A penetration test was allegedly done through the following method. The tester sent a user a a hyperlink that:

Silently installed a piece of software/code/etc through the browser with 0 user interaction. Shelled the app silently through 0 user interaction. Return a screen shot of the users entire desktop out through port 80 to the tester.

I'm having a hard time believing that 0 user interaction was involved in all this. I could understand an exploit to get the code onto the system, but not actually invoke the software. I could also see the user being tricked into allowing extensions/plugins/whatever, but not a completely silent deploy.

Has anyone experienced this kind of test? or heard of an exploit that allows this?


It was an Email sent through lotus notes. The user clicked the link. End of user actions.

  • Through what route was the link sent? That's the important info. Email readers can process links, and that requires no interaction. Or, the tester had control over the endpoint and activated the link. We need more info.
    – schroeder
    Commented Dec 4, 2014 at 18:00
  • To clarify, by 0 user interaction, do you mean they never opened the email, they opened the email but never clicked the link, or that they opened the email, clicked the link, but never agreed to install/run anything that popped up? Commented Dec 4, 2014 at 18:14

3 Answers 3


A browser that is functioning correctly would not allow for this to happen. But vulnerabilities have existed that make visiting the page to be the only interaction needed to launch malicious software. I believe CVE-2014-1776 is a recent example of such.

Here is a more detailed analysis. The summary at the beginning of the article gives an overview:

  1. The HTML page loads a Flash SWF file.
  2. The Flash SWF ActionScript performs a heap spray. A Flash Sound object is referenced here.
  3. Control is transferred to a JavaScript function in the HTML page.
  4. The JavaScript function sprays the heap, exploiting the use-after-free vulnerability in IE.
  5. A time-triggered ActionScript function in the SWF file will be invoked, gaining compete access to process memory.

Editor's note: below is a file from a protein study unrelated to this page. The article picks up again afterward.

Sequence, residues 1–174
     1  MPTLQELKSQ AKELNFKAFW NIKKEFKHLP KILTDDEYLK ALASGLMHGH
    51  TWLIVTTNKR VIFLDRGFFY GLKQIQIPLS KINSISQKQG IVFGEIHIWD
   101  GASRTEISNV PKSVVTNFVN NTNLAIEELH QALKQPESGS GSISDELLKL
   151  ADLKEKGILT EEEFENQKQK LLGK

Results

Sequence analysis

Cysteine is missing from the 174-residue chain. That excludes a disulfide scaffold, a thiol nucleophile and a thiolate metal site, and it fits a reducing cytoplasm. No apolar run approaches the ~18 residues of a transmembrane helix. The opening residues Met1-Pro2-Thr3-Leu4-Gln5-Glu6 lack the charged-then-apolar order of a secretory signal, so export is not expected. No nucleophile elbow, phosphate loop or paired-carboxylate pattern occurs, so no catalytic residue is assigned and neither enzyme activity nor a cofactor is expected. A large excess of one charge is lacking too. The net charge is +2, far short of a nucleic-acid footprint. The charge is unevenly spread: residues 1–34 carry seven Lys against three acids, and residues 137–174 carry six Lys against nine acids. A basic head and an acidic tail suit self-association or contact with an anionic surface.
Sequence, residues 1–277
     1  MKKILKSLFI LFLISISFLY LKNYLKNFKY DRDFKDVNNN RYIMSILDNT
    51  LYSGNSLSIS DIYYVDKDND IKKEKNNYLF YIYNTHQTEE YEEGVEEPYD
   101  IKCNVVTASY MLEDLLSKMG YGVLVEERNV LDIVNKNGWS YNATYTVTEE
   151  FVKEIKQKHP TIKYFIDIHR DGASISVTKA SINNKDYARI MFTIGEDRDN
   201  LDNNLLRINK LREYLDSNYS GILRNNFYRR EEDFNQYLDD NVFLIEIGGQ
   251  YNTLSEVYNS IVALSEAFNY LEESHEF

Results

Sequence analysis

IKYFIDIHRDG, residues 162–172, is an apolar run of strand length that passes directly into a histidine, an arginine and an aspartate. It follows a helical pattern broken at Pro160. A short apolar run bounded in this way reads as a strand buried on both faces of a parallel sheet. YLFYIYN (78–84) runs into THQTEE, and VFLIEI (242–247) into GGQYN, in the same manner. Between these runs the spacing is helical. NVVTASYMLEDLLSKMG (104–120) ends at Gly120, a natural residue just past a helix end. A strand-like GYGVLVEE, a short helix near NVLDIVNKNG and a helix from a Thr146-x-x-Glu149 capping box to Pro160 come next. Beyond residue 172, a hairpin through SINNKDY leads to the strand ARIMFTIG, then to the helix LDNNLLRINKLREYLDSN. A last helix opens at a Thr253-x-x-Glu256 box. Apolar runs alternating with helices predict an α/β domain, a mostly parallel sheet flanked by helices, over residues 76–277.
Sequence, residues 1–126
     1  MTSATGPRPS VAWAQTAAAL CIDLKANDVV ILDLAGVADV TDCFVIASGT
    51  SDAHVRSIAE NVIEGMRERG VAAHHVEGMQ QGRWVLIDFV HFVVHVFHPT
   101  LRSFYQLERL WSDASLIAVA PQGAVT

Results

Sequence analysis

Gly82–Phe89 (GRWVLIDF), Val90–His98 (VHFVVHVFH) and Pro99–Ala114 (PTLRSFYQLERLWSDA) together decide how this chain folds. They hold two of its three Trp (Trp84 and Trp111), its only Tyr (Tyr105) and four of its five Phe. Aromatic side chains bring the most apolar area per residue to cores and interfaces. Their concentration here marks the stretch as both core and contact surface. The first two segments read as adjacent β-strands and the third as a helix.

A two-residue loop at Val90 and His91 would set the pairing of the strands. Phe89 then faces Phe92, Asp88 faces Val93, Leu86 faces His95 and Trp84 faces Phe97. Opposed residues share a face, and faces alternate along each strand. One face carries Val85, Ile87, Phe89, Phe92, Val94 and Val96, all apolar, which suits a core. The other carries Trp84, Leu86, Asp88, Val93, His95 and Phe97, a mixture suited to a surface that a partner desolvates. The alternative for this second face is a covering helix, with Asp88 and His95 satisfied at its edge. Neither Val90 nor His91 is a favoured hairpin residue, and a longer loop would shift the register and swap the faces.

6. The ActionScript function traverses the Import Address Table for the modules kernel32.dll and ntdll.dll, storing the address of SetThreadContext and ZwProtectVirualMemory.
  7. The ActionScript function overwrites the virtual function table (vftable) pointer of the Sound object, pivots the stack with a number of return-oriented programming (ROP) gadgets, and executes the shellcode.
  • But the OP said "0 interaction", which would seem to mean that the user did not click the link (therefore no browser vuln).
    – schroeder
    Commented Dec 4, 2014 at 18:07
  • 1
    I took that to mean 'no clicking on approval to install/run/ect.' Obviously there was some user interaction; the user had to somehow access the email. What ever software they used to access the email could have had its own vulnerability. If the claim is "I sent him an email to his gmail account that hacked his computer without ever logging into gmail (and with no account syncing)", then I would find that claim much harder to believe. Commented Dec 4, 2014 at 18:12
  • Correct, The user clicked 1 link. Commented Dec 4, 2014 at 18:18
  • @JoeSwindell Then here is a great answer. Clicking links IS enough to be pwned.
    – schroeder
    Commented Dec 4, 2014 at 18:20
  • 2
    @schroeder agreed. Click here... Commented Dec 4, 2014 at 18:23

Has anyone experienced this kind of test? or heard of an exploit that allows this?

This is totally possible.

A clever attacker can set up a site so that if you click on it even once, within seconds he can take over your computer. Even worse, you might not have to go to his site. If you click a link that leads to his site, he could feasibly "own" your computer.

Whenever you visit a Web page, lots of invisible activity can happen on your computer. For example, if the Web site welcomes you with your own name, that's because last time you visited, it put a special text file called a cookie on your computer. If a stock ticker scrolls past or sports scores update automatically, the site could be executing a script on your computer. This stuff is normal. But the fact that your computer is willing to receive and execute instructions from a Web site is what hackers exploit.

Not all Web-based attacks are visible to the intended victim. Sophisticated hackers use tricks to hide what they're doing. But such sophisticated attacks are rare.



  • 2
    I'm not clicking that! Commented Dec 4, 2014 at 18:57
  • haahahah too good!
    – Desthro
    Commented Dec 4, 2014 at 19:44
  • @DavidHoude Too fair =)
    – Lucas NN
    Commented Dec 4, 2014 at 19:53

Downloading and executing software by just visiting a site with no user-interaction is usually called a drive-by download. Common exploits are through the notorious buggy Java or Flash plugins or through browser bugs like MS14-064. There don't even need to be the malware installed on the computer, instead a RAT (Remote Access Toolkit) can be fully run from inside the exploited browser.

So these kind of attacks are unfortunately possible and they are in active use. They will be usually spread by links in (phishing) mails, hacked web sites (often through bugs in CMS like wordpress or plugins with backdoors) or malvertising.

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